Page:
Bees, wasps, and ants are the main agents responsible for these allergies. However, mosquito, horsefly, caterpillar, flea, and spider bites can also trigger hypersensitivity. On the other hand, the symptoms can vary from a local reaction with urticaria, pain, and redness, to a severe systemic response due to anaphylaxis.
7. Drug allergy
Hypersensitivity reactions are among the adverse effects of a wide variety of drugs. Studies affirm that these constitute 6 to 10% of allergy cases. 90% are predictable and dose-dependent effects.
Most drug allergies usually present with hives, rash, itchy skin, and eye irritation. In severe cases, people can develop epidermal necrolysis, respiratory distress, and anaphylaxis.
Some of the medications that cause this condition include the following:
- Penicillins and cephalosporins
- Substances based on iodine
8. Allergy to cockroaches
Cockroaches, like mites, can act as powerful allergens. This is one of the most common allergies in urban areas. The American College of Allergies, Asthma, and Immunology (ACAAI) recognizes that saliva, feces, and cockroach debris can act as stimulants for allergies and even asthma episodes.
Skin rash, cough, and nasal congestion are usually the most common symptoms in affected people. Similarly, clinical manifestations can become chronic in spaces infested by these insects.
9. Allergy to latex
Latex allergy is a hypersensitivity reaction that occurs when exposed to the proteins found in natural rubber latex. Latex is an elastic and rubbery compound obtained from the rubber tree. This substance is found in gloves, balloons, condoms, mattresses, toys, stethoscopes, syringes, and rugs.
The allergy usually occurs when coming into direct contact with latex-based products, producing the classic manifestations of contact dermatitis. In this regard, people often manifest hives, redness and intense itching.
10. Sun allergy
This is an allergic skin reaction that occurs when exposed to the sun’s rays for a variable period of time. Polymorphous light eruption is the most frequent form of presentation. It’s characterized by redness, itching, and pain in the affected skin area. In addition, people can develop skin blisters, scabs, and peeling.
This allergy can contain a hereditary component or be stimulated by exposure to certain substances. Medicines and plants can usually act as triggers for the disease. Prevention measures include using sunscreen and avoiding prolonged exposure to the sun during peak hours of radiation.
11. Allergy to cosmetics and fragrances
Chemicals in cosmetics and perfumes can act as powerful allergens. In this regard, these substances can be absorbed into the skin or penetrate through the respiratory tract. The most common symptoms of fragrance allergies are a stuffy nose, cough, and a stinging nose.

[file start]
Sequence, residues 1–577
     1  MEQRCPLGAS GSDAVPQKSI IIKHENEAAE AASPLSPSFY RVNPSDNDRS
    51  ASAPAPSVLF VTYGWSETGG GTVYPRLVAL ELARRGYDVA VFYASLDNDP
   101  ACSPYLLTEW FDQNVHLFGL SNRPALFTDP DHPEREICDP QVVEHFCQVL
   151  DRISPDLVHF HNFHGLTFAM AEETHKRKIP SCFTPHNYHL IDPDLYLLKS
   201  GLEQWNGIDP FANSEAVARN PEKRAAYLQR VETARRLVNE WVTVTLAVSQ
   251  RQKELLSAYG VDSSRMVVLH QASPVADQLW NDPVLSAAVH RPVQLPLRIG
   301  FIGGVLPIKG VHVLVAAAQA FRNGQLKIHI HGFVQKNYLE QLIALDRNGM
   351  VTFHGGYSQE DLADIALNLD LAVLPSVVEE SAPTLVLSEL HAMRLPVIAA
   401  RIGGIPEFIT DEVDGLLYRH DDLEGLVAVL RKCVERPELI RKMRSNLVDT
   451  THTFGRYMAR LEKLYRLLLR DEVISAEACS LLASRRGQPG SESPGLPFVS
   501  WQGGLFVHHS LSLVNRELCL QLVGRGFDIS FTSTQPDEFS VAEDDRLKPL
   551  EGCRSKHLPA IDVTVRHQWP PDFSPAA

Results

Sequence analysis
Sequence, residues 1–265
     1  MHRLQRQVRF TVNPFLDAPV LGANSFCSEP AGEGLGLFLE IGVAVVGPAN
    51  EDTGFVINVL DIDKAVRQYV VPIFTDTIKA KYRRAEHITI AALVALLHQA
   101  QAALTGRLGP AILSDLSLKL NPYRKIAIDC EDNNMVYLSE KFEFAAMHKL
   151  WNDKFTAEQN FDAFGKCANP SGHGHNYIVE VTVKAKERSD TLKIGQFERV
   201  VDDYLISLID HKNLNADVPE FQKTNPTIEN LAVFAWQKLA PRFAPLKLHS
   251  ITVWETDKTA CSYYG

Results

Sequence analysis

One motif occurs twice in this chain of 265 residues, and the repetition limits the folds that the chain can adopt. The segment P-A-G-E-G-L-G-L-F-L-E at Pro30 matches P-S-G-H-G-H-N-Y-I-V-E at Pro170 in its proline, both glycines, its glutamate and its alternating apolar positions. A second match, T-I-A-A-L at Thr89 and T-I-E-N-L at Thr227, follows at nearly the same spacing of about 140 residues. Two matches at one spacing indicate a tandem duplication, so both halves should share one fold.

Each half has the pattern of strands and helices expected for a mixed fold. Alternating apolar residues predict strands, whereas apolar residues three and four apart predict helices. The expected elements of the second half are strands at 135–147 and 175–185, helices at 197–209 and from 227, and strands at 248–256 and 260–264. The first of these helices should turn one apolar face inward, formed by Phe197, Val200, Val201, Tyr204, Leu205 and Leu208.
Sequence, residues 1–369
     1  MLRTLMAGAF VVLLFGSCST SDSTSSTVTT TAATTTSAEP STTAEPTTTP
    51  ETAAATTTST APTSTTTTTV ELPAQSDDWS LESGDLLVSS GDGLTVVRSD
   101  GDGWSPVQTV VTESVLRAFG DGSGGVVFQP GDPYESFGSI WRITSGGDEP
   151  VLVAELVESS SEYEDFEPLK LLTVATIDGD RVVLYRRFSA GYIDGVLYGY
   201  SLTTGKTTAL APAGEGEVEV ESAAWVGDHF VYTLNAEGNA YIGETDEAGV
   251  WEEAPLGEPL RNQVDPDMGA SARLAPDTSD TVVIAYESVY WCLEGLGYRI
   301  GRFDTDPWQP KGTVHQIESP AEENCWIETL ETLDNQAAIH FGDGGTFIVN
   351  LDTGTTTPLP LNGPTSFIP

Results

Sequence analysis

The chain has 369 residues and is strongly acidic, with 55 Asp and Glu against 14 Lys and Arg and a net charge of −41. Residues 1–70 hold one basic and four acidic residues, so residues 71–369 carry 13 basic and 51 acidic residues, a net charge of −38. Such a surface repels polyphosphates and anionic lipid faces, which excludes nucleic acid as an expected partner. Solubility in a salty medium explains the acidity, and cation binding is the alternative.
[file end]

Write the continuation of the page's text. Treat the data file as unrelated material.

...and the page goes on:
On the other hand, some cosmetics are associated with rashes, redness, inflammation, and itching on the skin. In the same way, they can act as stimulants of asthma and anaphylaxis episodes. For this reason, it’s advisable to test the products on the back of the hand before applying them to the face or neck.
12. Nickel allergy
Nickel is a light, malleable metal used in the manufacture of jewelry, zippers, buckles, coins, keys, telephones, computers, and electronic cigarettes. The hypersensitivity reaction occurs when the immune system recognizes nickel particles as foreign or harmful.
This is one of the most common allergies in women, especially in adolescence and early adulthood. It produces bumps on the skin, redness, blisters, itching and spots similar to a burn.
13. Allergy to plants
In some cases, the leaves and stems of certain plants can act as stimulants of a hypersensitivity response. This reaction is the result of the penetration and absorption of plant components through the skin. Some of the most common causes are nettles, legumes, chamomile, lime, parsnip, and spurge.
How are allergies treated?
At present, allergies don’t have a definitive cure. However, there are treatments that help control the symptoms.
Primary care measures for direct contact of the allergen with the skin include thorough cleaning and washing with soap and water. In cases of ingestion and inhalation, therapeutic options supervised by a professional are required.
Similarly, antihistamines are the most widely used drugs in the control of allergies. They suppress the release of histamine, which is responsible for generating most of the symptoms of hypersensitivity.
On the other hand, immunotherapy is another method used in the therapy against allergic reactions. This is based on inoculating purified allergens to adapt the system to their presence, reducing the severity of future conditions.
Most allergic reactions are usually mild, with a benign course if treated early. However, failure to provide timely care can lead to a worsening of symptoms and compromise people’s lives.It might interest you...